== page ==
In a previous post, we discussed Wills and Trusts. Today, we move on to the topics of Power of Attorney, Living Will and HIPAA releases.
Power of Attorney
Setting up a Power of Attorney (POA) is something you may want to consider in case a time comes when you are unable to make legal, financial or medical decisions on your own. A POA is a legal document that allows you (the principal) to appoint someone (the agent or attorney-in-fact) to act on your behalf in the case of your illness or disability or at times when you are unable to be present. There are several types of POA that provide different levels of authority to your appointed agent, and you should be sure to understand them thoroughly before you decide which type is right for you. It is also important to choose someone you trust to put your interests above their own, such as a family member or close friend. For more information, see this article.
A living will is something that all adults should think about, but it becomes even more important as you approach your retirement years. Unlike a regular will that goes into effect when you die, a living will applies while you are still alive. Also called an “advance directive,” a living will outlines your wishes for end-of-life medical care in the event that you are unable to communicate your wishes on your own. It’s important to create a living will now so that your family and your healthcare providers don’t have to guess at what types of treatment you would desire. This lifts a painful burden off of your loved ones and can prevent disputes among them if they have different opinions on what they think you would want. A living will is similar to a durable power of attorney (DPOA) for healthcare, and sometimes the two are combined into one document. In a DPOA, you appoint a healthcare proxy to carry out the wishes you have set up in your living will. While you may wish to seek the advice of an attorney in establishing a living will, you can also create one yourself without paying an attorney by using estate planning software such as WillMaker Plus.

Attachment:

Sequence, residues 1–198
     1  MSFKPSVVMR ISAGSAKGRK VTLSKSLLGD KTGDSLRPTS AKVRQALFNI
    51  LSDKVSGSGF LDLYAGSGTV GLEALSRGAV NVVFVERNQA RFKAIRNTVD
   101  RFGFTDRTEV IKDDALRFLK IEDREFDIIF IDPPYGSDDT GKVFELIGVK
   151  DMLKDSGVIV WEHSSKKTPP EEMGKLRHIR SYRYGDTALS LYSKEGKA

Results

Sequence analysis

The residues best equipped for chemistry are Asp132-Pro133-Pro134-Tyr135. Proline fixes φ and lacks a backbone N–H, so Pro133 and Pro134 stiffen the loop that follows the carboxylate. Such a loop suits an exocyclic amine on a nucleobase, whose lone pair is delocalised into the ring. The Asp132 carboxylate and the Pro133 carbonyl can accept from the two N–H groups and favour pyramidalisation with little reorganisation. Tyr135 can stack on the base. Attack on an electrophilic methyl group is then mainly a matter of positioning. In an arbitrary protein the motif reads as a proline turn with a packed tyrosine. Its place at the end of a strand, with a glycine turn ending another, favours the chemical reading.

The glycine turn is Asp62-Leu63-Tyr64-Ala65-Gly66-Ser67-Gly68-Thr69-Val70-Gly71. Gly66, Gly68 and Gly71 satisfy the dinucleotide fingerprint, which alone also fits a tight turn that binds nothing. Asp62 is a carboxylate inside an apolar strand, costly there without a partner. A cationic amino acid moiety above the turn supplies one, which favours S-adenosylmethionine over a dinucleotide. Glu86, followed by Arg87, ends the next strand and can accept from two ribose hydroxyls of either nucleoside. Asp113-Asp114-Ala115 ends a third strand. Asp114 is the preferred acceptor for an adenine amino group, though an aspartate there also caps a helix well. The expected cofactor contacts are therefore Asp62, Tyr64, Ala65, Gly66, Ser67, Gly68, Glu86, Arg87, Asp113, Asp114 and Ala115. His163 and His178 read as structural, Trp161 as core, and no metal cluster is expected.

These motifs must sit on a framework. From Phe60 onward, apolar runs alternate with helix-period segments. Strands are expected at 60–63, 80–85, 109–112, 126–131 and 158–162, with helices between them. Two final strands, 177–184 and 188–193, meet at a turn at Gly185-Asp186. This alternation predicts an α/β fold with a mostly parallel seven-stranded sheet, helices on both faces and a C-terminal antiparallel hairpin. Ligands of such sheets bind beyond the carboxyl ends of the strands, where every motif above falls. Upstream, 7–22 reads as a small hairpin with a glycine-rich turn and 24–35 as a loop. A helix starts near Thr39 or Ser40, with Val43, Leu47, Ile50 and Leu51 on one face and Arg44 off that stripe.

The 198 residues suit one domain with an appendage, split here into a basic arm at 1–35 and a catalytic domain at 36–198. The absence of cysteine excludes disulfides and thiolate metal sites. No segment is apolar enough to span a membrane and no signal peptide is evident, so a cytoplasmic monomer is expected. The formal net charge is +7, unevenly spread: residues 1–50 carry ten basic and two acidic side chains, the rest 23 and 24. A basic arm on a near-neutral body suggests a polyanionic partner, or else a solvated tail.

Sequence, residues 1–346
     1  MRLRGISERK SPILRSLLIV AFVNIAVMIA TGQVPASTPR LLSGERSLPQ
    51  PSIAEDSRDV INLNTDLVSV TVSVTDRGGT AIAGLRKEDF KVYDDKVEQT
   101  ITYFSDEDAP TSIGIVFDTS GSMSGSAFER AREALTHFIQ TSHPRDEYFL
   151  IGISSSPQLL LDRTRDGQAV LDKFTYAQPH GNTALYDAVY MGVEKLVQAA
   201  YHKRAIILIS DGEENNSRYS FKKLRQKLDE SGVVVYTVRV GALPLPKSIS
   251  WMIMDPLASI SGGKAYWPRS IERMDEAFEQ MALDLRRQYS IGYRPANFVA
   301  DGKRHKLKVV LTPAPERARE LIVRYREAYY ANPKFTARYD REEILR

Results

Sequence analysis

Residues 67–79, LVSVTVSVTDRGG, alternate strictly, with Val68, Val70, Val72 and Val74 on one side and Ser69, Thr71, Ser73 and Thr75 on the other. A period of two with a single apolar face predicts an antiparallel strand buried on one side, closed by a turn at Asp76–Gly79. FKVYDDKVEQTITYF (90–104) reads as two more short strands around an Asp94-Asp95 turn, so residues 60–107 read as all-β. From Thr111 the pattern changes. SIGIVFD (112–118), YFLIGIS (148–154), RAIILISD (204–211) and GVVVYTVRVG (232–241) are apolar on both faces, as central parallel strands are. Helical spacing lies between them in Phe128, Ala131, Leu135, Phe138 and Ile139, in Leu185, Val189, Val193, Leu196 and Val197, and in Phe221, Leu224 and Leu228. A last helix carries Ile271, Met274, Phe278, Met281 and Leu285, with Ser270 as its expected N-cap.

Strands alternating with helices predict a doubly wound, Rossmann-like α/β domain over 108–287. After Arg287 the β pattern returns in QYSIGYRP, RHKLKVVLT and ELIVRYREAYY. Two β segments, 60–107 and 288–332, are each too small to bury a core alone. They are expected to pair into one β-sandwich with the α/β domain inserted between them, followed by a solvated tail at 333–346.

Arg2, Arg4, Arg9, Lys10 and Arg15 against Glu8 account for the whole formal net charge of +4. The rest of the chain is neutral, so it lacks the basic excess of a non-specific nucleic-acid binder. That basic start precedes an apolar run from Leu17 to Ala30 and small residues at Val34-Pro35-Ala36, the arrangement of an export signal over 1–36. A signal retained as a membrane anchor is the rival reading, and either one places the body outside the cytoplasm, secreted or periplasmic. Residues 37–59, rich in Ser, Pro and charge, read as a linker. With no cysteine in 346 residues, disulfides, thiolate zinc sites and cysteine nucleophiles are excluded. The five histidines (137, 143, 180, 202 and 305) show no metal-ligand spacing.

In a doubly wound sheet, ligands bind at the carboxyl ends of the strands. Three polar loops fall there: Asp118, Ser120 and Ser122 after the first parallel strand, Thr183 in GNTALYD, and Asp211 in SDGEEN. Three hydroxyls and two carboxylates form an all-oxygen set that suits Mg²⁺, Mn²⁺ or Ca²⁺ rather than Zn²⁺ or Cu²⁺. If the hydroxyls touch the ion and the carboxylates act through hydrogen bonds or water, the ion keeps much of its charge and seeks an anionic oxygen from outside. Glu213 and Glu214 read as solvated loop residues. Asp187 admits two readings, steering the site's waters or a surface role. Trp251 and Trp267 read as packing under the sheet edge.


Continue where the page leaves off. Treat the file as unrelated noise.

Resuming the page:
HIPAA Release Form
Thanks to HIPAA (Health Insurance Portability & Accountability Act), your medical information is kept safe and private. But there may be times when you would want to allow a family member or friend to know about your medical condition. By signing a HIPAA Release Form, you can provide permission for one or several persons to have access to your medical records and history. This is especially helpful in the case of a medical emergency. If you haven’t completed a HIPAA Release, your loved ones may not be able to get information regarding your condition or make informed decisions about your treatment. A HIPAA Release can also be used in non-emergency situations in which you simply want someone you know to be able to talk to your doctor on the phone or in-person about your healthcare. If you fill out a HIPAA Release Form, make sure it is HIPAA-compliant. Be sure to give a copy to your healthcare providers, your health insurance company, your lawyer, and anyone listed on the form who is designated to have access to your healthcare information. For more information about HIPAA Release Forms, check out this article.